1) Avoidant coping — Avoidant coping is just what the name implies: You avoid dealing with the stressor/fear. The most common ways of “coping” using avoidance are behavioral disengagement (e.g., drug and alcohol use; emotional eating) and cognitive/mental disengagement (e.g., denial). Let’s go back to our scenario. You could take a swig of vodka, plug your ears, and try to go back to sleep, hoping the problem will go away. Not a very effective strategy in this situation. Not surprisingly, avoidant coping is one that we recommend you use only sparingly and for short periods of time, as it can lead to depression if you use it too often. So if you found out your grandmother died right before you had to give your big presentation, avoidance could get you through your talk. But as soon as you finish your presentation, you need to deal with the situation so you don’t get depressed later on. That leads us to our next coping strategy.
2) Emotion-focused coping — Emotion-focused coping attempts to reduce distress by addressing the emotional consequences of the stressor. For example, you could seek social support (call your sister to complain), try to put a positive spin on things (“At least I’m not worried about my presentation anymore!”), accept the situation (ah, that’s life, what are you going to do?), pray or meditate, or vent to your poor kid (“Why’d you pick today of all days to get sick?”). Again, not super helpful in this situation. While you might feel better after venting, your rant hasn’t changed anything. Your kid is still sick and you still have to give that presentation. Emotion-focused coping is great for situations where you have no or little control over what is happening to you (e.g., your grandmother died; you just found out you have cancer). It’s not so great when you actually need to solve the problem. Luckily, we have the next strategy for that.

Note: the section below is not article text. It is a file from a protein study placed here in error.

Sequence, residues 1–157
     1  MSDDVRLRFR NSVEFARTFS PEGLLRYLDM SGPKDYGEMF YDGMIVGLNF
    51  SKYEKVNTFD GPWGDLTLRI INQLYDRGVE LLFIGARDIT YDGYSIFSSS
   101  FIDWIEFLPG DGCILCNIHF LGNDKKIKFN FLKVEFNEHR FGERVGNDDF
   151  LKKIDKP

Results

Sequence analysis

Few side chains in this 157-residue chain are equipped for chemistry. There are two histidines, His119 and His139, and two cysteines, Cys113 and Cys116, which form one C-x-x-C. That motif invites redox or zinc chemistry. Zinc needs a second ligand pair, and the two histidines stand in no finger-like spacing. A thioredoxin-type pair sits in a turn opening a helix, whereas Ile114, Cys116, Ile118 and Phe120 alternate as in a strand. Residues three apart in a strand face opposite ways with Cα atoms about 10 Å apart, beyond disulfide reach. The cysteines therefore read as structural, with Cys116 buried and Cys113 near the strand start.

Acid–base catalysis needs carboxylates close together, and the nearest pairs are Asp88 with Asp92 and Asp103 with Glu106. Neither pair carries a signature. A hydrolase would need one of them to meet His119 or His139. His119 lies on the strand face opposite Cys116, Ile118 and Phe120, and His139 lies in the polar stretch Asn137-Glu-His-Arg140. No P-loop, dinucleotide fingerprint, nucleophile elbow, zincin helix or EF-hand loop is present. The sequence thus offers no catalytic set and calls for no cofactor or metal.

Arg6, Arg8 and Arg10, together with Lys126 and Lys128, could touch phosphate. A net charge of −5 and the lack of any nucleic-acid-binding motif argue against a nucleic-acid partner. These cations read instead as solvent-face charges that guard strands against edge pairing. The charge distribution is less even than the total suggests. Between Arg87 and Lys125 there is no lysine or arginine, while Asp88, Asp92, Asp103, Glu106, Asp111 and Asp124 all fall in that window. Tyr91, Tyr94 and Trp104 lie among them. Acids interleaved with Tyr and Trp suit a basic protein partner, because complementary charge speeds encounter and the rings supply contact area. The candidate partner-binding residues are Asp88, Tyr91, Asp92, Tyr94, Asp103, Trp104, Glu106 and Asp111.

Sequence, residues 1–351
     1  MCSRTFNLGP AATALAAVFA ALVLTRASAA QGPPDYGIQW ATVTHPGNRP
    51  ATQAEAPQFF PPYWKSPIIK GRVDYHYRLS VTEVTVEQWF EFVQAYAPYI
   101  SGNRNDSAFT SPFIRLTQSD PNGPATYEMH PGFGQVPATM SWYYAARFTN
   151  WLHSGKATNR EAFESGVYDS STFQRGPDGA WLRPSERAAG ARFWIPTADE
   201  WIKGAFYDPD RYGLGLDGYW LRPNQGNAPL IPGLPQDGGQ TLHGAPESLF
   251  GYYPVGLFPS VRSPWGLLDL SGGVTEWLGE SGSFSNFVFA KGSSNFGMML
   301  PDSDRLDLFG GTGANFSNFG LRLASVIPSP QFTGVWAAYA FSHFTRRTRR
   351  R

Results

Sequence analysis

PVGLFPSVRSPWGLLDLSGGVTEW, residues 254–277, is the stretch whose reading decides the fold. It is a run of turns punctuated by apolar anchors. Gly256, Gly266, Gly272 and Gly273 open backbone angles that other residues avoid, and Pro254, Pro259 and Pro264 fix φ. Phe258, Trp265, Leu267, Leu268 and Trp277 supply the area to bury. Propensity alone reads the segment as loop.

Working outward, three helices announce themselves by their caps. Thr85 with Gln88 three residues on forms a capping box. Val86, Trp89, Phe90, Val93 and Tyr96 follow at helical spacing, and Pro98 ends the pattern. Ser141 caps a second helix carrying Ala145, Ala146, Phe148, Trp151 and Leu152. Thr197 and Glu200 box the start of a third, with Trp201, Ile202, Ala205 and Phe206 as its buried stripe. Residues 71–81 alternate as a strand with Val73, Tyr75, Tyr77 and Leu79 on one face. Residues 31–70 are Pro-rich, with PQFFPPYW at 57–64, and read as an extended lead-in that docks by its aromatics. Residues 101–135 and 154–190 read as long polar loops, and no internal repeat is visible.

3) Problem-focused coping — The basic premise of problem-focused coping is this: “Have a problem? Fix it.” Problem-focused coping is the only approach in which you actually try to alter your situation. You might actively cope with the situation (call your neighbor and see if she’ll take your son for the morning), plan ahead (call your boss and explain that you will be a little late to work and will have to leave early to care for your son, but you will definitely be at your presentation), suppress any competing activities (you’ll have to skip the gym this morning), or seek social support for instrumental reasons (while you’re venting to your sister, ask her if she can watch your little tyke for a couple of hours mid-morning). Ninety-nine percent of the time this strategy is your best bet because — let’s face it — most of our stressors and fears are fixable. Deal with them effectively and they go away. It’s that simple.